"Christopher Renshaw's old-fashioned revival has many lavish visual attractions. It's as if a generously funded museum is offering The Rodgers and Hammerstein Experience. It doesn't boldly reinterpret a well-known musical, as Trevor Nunn did with Oklahoma! at the National. Nor is it better than the movie. But in the quality of its designs, costumes and lighting it is first rate. Brian Thomson's splendid sets conjure up a gilt-edged oriental world of saffron and sequins that sparkles and glitters like the show's backdrop of a starry night. Huge red cut-out profiles of the front of elephants line either side of the stage... The real pleasure in the cast was Taewon Yi Kim as Lady Thiang, who made an immediate impact with "Something Wonderful", bringing a force, candour and dramatic intensity, in a soaring operatic voice, that felt as if they came from within the period and the genre. Something wonderful - that was missing elsewhere." The Independent on Sunday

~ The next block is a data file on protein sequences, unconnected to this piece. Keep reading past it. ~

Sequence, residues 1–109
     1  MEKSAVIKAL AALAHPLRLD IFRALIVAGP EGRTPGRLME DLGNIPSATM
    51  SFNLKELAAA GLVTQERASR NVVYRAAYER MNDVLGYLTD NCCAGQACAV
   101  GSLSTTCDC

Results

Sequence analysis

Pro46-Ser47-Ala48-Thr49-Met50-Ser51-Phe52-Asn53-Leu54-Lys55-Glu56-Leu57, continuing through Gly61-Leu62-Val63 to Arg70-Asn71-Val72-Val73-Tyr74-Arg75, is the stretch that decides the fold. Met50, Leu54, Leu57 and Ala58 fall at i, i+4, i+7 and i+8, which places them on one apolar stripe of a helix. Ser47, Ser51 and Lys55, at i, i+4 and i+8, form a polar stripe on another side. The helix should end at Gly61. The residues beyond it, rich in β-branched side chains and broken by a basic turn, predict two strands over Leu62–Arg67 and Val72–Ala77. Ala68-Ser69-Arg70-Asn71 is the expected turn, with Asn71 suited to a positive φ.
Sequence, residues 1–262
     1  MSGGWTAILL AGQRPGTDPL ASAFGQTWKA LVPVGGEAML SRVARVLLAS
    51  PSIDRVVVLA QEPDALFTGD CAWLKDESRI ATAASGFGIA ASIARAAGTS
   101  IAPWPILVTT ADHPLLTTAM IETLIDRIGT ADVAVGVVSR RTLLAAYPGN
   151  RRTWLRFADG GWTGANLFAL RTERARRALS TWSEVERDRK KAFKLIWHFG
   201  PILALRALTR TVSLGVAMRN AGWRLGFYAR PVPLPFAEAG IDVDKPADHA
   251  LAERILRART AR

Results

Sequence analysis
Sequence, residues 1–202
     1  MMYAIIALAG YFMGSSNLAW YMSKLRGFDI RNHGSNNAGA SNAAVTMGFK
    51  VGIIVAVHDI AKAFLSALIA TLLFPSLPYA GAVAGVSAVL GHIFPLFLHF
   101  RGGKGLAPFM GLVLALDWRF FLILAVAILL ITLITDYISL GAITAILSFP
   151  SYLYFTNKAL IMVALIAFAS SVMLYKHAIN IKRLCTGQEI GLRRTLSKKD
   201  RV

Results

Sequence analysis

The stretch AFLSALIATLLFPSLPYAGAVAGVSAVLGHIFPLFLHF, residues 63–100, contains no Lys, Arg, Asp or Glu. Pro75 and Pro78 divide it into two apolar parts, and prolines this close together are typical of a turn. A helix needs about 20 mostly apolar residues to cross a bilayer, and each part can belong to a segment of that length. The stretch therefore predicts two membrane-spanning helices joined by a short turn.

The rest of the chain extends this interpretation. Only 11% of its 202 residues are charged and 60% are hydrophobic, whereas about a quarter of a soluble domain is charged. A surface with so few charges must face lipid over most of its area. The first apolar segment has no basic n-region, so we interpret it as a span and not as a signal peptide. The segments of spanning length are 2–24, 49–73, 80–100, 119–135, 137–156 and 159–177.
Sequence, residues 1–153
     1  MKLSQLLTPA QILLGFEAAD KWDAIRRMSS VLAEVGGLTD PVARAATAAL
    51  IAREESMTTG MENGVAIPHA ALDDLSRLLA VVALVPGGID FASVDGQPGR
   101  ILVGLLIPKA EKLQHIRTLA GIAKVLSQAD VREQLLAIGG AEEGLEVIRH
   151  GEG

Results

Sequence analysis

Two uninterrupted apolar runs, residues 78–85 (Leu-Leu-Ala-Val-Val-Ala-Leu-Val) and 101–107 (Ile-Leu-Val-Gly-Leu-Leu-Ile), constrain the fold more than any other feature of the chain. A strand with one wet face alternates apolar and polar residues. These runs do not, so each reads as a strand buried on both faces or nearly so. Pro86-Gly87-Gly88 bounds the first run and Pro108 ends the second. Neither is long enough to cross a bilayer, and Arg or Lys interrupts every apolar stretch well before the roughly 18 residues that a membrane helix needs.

"Elaine Paige presumably can be relied upon to put bums on seats - and there are a great many seats at the London Palladium. Otherwise, it is difficult to understand why she was cast as Anna, the British teacher engaged by the King of Siam to educate his legion of children in Richard Rodgers and Oscar Hammerstein's classic musical, The King And I. Rather than a prim, upper-middle class governess, Ms Paige comes over like a blowsy music hall star who's arrived in Bangkok straight from playing Widow Twankey in panto. The "Hawaiian-Chinese-American" (programme note) film actor Jason Scott Lee, who played Bruce Lee on screen, displays great authority as the King, although he seems a little too young and needs to work on diction which sometimes made his Siamese accent sound all Chinese to me... The children are charming and the near showstopping performance of Taewon Yi Kim, as the King's head wife, is alone worth the price of a ticket. Christopher Renshaw's traditional production, with sumptuous sets by Brian Thomson, is big and brash and occasionally breathtaking. But something wonderful, it isn't." The News of the World